America's Biggest Feud Hatfields and McCoys Part 1

About the history of America's biggest feud between the Hatfield and the McCoys in the southern United States

AMERICA'S BIGGEST FEUD

by V.C. Jones

Strange tales of a bloody feud between two neighboring families crept down out of the mountains of Kentucky and West Virginia some years after the Civil War, to rivet the incredulous attention of the nation. They had about them the tone of such an ancient age that it was difficult for civilized people of the eastern U.S. to believe them.

Just 300 mi. from the nation's capital as the crow flies, so the reports went, members of a family named Hatfield in Logan County, W.Va., and a family named McCoy in Pike County, Ky., were firing back and forth at one another across Tug Fork, a clear-water mountain stream that followed a winding course to empty into the Big Sandy River at Louisa, Ky. Supporting each family were numerous confederates, moved by marriage and other ties to take sides.

An unknown number of persons were dead, most of them McCoys, before word of the vendetta reached news channels during the 1880s and started a shocked furore of national conscience. The law dutifully, if belatedly, stepped in to put an end to the shooting. The governors of the two states were called on for action, and each ordered the militia to stand by fully armed and ready to protect their respective fellow citizens.

There were tense moments until the matter reached the courts--even the Supreme Court in Washington--and one of the defendants was hanged, while others, all from the Hatfield clan, were sent to prison for life.

Stunned that such a thing could happen in late 19th-century America, New York newspapers and others hurried reporters to the scene. Back they came with a sordid tale of mountain hatred and--by romantic contrast--of a love story involving a Hatfield boy and a McCoy girl. With as many details as they could gather from the tight-lipped hill people, they tried to put together a logical account of what had actually caused the difficulty between the two families, but these efforts were futile. It would take the court record and the perspective of future generations to find the answer.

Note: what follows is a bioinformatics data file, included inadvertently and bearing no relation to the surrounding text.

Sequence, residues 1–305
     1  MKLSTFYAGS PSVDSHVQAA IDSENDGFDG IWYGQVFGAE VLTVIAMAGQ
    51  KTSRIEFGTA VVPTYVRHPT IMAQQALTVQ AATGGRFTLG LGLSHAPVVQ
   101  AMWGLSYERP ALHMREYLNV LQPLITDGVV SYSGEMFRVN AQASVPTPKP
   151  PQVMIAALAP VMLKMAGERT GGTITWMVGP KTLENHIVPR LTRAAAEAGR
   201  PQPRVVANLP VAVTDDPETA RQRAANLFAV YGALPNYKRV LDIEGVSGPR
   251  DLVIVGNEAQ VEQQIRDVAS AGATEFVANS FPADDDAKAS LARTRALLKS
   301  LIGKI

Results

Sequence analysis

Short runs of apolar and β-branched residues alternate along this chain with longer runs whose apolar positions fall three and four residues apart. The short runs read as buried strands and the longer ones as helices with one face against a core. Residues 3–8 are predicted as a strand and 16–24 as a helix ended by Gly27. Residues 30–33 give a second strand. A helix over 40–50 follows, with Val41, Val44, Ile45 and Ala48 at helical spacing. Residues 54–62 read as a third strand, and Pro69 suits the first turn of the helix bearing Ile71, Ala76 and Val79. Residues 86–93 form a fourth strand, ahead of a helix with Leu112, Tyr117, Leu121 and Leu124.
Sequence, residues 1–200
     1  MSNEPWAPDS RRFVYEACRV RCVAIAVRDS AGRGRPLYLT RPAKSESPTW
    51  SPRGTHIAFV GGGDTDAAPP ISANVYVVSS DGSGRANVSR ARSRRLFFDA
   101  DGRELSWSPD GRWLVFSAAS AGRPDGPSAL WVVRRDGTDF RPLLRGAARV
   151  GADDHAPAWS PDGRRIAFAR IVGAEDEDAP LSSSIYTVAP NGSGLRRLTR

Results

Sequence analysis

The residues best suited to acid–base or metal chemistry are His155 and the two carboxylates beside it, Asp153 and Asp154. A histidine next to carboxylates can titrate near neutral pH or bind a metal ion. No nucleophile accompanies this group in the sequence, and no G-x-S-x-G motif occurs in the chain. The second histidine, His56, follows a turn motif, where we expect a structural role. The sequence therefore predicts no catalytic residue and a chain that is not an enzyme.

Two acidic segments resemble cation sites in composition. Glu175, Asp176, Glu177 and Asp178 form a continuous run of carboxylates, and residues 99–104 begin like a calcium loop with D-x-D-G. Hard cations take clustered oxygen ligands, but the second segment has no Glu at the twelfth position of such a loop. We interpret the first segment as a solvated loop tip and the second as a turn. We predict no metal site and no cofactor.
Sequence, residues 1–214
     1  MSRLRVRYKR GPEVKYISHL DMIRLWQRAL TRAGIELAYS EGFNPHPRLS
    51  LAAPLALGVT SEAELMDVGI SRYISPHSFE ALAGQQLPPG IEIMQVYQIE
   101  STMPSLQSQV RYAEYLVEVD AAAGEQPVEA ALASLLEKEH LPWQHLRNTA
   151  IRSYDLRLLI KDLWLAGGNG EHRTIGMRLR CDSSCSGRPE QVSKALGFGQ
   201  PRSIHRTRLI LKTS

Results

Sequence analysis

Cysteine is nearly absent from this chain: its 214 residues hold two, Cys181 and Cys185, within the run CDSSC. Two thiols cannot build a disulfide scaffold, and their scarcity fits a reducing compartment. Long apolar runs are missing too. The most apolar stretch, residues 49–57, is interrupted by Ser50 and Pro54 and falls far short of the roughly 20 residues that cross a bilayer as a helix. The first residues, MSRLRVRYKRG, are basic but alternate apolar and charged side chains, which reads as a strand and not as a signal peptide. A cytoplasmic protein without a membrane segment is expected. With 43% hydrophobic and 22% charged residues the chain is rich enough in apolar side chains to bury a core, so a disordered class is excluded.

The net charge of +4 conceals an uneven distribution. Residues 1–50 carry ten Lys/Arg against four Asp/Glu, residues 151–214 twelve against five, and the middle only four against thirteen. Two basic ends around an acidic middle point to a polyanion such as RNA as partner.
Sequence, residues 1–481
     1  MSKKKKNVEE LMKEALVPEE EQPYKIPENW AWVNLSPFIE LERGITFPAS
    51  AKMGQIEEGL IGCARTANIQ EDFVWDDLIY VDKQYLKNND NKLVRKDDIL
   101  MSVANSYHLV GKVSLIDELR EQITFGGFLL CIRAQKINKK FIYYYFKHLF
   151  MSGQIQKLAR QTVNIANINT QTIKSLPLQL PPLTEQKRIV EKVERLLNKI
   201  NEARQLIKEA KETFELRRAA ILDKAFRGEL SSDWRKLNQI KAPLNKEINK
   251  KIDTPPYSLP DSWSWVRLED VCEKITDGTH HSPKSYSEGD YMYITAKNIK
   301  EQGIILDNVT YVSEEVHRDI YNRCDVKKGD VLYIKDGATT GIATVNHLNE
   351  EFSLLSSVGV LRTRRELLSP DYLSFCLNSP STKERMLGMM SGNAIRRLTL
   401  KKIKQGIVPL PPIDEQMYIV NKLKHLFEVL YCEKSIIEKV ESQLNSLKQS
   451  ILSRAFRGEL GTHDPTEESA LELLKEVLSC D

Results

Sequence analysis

Some of the trouble was definitely an aftermath of the Civil War. It seems a tragedy that the Hatfields, under the leadership of strong, young Anderson--"Devil Anse" to the mountain folk--should side with the South, while the family of Randolph McCoy--"Old Rand'l"--over on the other side of the hollow through which coursed Tug Fork, should have just as strong a sentiment for the North.

There was a marked difference between these two leaders. Hatfield was in his mid-40s, a bearded six-footer with a slight stoop. He loved pranks and was jovial and an excellent storyteller. McCoy, on the other hand, was in his 60s, tall and bearded, with a thatch of gray showing beneath his black slouch hat. He carried his burdens heavily, was serious in nature, and often voiced a preference that the law be allowed to take its course.

The Hatfields seemed to be the chief defiers of legal procedure. Entries in the order book in the Pike County court showed numerous accusations against members of the clan, most of them charges of carrying concealed and deadly weapons. But warrants went unexecuted. Law officers in the county seat were reluctant to venture up into the mountain hollows to serve summonses or make arrests when they knew they would have to make their way through bands of armed men, most of them adept with weapons.

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